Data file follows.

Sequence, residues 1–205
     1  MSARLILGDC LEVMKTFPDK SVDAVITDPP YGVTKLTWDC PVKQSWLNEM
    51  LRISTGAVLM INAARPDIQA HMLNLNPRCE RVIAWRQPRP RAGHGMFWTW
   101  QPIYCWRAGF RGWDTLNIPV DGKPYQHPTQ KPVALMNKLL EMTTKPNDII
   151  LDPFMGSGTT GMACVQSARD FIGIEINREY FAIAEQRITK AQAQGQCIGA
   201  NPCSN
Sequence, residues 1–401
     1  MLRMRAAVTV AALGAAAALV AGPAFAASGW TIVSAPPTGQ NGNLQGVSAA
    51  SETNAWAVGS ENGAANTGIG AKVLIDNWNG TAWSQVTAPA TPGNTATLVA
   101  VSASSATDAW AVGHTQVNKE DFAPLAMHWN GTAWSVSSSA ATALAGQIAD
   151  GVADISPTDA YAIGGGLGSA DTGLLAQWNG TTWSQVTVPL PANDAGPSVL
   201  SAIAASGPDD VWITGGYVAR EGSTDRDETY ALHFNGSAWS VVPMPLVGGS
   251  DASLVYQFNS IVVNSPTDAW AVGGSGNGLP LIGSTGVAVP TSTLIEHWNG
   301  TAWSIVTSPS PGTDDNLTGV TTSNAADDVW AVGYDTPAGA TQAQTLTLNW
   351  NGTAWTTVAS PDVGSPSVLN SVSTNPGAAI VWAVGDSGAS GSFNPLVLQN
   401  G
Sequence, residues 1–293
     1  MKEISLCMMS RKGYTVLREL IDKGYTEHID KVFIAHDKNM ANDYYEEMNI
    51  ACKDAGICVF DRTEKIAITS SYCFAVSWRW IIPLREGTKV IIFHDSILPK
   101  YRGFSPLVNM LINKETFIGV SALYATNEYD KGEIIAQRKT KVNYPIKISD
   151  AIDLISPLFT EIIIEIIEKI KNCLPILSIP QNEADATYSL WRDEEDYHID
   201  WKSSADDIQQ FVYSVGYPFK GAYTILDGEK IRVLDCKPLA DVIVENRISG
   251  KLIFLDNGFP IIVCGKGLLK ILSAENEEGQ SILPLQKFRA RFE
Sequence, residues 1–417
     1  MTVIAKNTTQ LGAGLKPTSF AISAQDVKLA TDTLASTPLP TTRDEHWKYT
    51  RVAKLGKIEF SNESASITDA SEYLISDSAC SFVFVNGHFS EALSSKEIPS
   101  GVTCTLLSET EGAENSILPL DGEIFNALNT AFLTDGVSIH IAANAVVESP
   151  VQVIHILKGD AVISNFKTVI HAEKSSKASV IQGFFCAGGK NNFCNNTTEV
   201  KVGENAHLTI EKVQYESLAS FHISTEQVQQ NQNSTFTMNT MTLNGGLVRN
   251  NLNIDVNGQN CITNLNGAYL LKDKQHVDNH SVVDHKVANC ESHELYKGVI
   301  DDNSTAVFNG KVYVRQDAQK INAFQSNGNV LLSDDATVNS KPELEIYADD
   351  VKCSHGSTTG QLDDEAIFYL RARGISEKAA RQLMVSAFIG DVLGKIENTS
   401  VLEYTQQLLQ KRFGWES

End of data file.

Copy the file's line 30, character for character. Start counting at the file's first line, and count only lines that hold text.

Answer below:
   251  NLNIDVNGQN CITNLNGAYL LKDKQHVDNH SVVDHKVANC ESHELYKGVI